Svaroopa Yoga
Developed by Rama Berch.
Svaroopa Yoga teaches significantly different ways of doing familiar poses. Every pose integrates the foundational principles of asana, anatomy and yoga philosophy, and emphasizes the development of transcendent inner experience. Consciousness-oriented yoga that also promotes healing and transformation.

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Sun Salutation
The Sun Salutation is a graceful sequence of twelve positions performed as one continuous exercise. Each position counteracts the one before.
1. Begin by standing erect, feet together, hands can by your sides or in the prayer position.
Exhale.
2. On inhale, raise your arms up overhead and arch back from the waist.
Keep legs straight.
3. Exhaling, bend or fold forward, bringing your palms to beside your feet.
4. Inhaling, move the right leg back, place knee on floor.
Arch your back.
5. Hold breath. Move other leg back.
6. Exhaling, lower knees, chest, forehead.
7. Inhaling, lower hips, point toes, bend back, legs together, shoulders down.
8. Exhaling, raise hips, pivot to an inverted V shape.
9. Inhaling, step forward, move right foot to between hands, rest knee on other leg on floor.
10. Exhaling, bring other leg forward, bend down from waist, place palms down.
11. Inhaling, stretch arms forward, up and back over your head, while bending back.
12. Exhaling, move arms to side, while coming to upright position.

Kundalini
Kundalini is a Sanskrit term that means coil or spiral energy that is aroused through use of Yoga. This energy may channeled through the chakras.
Kundali is often associated with the Goddess Kali. It is sometimes shown as a coiled serpent.

Klesas
In Yoga the causes of suffering and pain.
Asmita : Ego and identifiaction with the physical body.
Avidya : Ignorance.
Dvesa : Aversion to that which gives pain.
Raga : Over attraction to pleasure.
Abhinivesa : Desiring to cling to life.

Hatha Yoga
Hatha Yoga is a particular system of Yoga described by Yogi Swatmarama, a yogic sage of the 15th century in India, and compiler of the Hatha Yoga Pradipika. Hatha Yoga teaches you techniques that are related to the physical control of the body. Rythmic breathing methods called Pranayama and postures known as Asanas are used. Hatha yoga contains substantial tantric influence, and marks the first point at which chakras and kundalini were introduced into the yogic canon. The word Hatha consists of two polar opposites. Ha means sun, Tha means moon. Ha is masculine, Tha is feminine.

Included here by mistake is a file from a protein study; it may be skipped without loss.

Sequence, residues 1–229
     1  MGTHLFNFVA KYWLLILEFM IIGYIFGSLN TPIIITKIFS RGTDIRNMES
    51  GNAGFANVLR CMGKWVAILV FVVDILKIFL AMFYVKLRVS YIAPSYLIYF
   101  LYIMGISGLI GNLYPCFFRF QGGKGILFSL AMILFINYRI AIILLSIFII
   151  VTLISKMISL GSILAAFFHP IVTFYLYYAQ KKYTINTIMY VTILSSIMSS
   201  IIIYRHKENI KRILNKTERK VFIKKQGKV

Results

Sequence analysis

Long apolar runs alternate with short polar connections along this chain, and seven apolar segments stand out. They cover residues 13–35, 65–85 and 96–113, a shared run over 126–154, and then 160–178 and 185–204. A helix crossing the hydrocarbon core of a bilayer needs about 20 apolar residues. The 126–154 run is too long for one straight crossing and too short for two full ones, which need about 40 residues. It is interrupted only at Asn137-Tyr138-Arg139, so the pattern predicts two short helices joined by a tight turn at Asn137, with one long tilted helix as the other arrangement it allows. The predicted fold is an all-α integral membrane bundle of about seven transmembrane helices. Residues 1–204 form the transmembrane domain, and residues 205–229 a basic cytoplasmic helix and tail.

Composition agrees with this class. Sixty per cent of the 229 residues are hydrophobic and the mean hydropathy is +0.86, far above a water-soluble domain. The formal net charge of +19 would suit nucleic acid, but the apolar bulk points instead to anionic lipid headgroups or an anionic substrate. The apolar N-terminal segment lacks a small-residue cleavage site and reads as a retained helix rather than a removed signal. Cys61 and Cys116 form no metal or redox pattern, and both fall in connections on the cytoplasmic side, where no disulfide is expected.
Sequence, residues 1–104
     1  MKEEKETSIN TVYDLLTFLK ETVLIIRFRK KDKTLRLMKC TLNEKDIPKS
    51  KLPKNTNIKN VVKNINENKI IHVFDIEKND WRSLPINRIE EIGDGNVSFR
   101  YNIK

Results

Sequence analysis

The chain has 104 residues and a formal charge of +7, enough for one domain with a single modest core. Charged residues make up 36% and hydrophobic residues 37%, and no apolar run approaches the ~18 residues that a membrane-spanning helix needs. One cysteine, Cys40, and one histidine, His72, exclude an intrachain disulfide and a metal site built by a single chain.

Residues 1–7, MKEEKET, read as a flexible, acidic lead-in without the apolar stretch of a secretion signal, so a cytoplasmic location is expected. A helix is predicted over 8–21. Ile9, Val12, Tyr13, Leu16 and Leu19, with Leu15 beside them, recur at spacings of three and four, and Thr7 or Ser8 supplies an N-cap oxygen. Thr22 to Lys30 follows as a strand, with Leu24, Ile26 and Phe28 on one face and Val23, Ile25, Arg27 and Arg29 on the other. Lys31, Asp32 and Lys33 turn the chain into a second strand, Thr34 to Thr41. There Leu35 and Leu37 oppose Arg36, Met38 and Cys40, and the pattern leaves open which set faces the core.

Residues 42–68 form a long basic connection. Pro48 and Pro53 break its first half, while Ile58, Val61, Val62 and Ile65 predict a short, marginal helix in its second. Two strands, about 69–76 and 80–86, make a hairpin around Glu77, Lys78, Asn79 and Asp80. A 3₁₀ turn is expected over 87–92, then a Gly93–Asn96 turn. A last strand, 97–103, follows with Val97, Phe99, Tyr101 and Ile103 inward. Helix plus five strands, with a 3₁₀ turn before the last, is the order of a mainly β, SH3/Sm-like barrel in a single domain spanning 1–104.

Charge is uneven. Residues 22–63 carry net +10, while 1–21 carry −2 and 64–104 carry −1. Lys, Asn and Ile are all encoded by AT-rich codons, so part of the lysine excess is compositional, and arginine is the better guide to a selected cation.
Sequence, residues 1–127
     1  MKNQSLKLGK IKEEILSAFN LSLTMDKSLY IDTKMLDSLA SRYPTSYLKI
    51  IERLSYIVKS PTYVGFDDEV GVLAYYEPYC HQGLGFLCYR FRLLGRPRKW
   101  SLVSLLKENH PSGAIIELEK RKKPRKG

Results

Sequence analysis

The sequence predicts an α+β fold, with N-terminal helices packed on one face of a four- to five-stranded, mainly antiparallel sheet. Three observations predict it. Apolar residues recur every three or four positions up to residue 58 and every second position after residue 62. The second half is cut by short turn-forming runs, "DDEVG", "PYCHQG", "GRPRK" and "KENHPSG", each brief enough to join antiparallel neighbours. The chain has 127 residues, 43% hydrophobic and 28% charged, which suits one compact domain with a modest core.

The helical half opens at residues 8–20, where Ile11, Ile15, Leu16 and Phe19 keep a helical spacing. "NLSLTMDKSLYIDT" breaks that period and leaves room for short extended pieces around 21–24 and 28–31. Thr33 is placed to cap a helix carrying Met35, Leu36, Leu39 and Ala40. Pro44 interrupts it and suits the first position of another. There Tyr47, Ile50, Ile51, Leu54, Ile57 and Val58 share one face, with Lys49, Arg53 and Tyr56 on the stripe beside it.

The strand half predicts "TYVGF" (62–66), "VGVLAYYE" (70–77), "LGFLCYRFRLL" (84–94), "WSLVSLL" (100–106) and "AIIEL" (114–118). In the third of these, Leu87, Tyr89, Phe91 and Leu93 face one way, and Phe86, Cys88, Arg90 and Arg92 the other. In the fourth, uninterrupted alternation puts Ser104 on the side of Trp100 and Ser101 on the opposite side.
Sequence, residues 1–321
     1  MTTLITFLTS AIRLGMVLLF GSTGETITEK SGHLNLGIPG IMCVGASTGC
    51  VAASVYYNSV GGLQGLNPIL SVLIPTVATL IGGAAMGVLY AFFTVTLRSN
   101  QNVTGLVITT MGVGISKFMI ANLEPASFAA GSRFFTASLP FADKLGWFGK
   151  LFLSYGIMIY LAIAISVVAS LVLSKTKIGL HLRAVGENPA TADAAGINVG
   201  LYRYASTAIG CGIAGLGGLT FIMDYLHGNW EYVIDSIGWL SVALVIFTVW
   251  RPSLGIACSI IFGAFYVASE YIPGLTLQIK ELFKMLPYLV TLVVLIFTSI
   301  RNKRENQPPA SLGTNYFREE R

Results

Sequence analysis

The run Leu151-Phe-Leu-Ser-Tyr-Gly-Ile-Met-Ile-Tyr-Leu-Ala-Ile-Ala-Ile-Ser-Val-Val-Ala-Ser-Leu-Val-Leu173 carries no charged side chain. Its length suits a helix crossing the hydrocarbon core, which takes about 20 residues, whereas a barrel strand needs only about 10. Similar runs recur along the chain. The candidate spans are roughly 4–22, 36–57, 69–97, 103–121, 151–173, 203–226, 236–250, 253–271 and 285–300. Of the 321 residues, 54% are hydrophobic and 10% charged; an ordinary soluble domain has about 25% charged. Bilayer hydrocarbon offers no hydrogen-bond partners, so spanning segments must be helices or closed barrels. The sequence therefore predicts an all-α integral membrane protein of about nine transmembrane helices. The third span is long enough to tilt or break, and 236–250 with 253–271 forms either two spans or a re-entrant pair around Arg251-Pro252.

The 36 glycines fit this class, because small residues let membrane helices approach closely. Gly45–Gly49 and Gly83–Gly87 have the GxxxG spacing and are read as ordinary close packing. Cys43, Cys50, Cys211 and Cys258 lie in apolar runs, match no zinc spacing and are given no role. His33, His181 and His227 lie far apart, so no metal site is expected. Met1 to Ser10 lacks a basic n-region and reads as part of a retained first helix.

Om Yoga
Om, also spelled "Aum".
Is the oldest mantra, or sound of numinous power, known to the sages of India.
Often is used as a mantra during meditation.
Although often pronounced as if it rhymed with "home," it is also pronounced "ah-oo-mm."
1. The sound a , earth - ric (hymn of praise) , Rig-Veda , Brahman , Vasus (a class of eight deities) , g‚yatrÓ meter , g‚rhapatya fire , red , dedicated to Brahman.
2. The sound u , atmosphere , yajus (sacrificial formula) , Yajur-Veda , Vishnu , Rudras (deities governing the region between earth and heaven) , trishtubh meter , dakshina fire , bright , dedicated to Rudra.
3. The sound m , heaven , s‚man (sacred chants) , S‚ma-Veda , Vishnu , ¬dityas (deities connected with the Goddess Aditi, symbolizing primordial infinity) , jagatÓ meter , ‚havanÓya fire , black , dedicated to Vishnu.
4. Half-part , (ardha-m‚tra) Atharvan songs , Atharva-Veda , fire of universal destruction , Maruts (deities of the mid-region who are especially associated with the wind) , Vir‚t , lightning-like and multicolored , dedicated to Purusha.

Pranayama Yoga
Pranayama is a sanskrit word that means control (yama) of the life force (prana). It is also commonly used to describe various yogic breathing exercises that help give the practitioner control of the life force, or pranayama. It was originally expounded by Patanjali, an ancient Hindu philosopher and yogi, in his Yoga Sutras, a text on yoga philosophy and practices. Loosely translated as prana or breath control. Ancient yogis developed breathing techniques to maximize the benefits of prana. Breathe in and out through your nose.
Clear blocked nostrils.
Never perform pranayam after asanas.
Never rush.
There are sevral types of pranayama :
1. Ujjayi
2. Dirgha Pranayama
3. Nadi Shodhana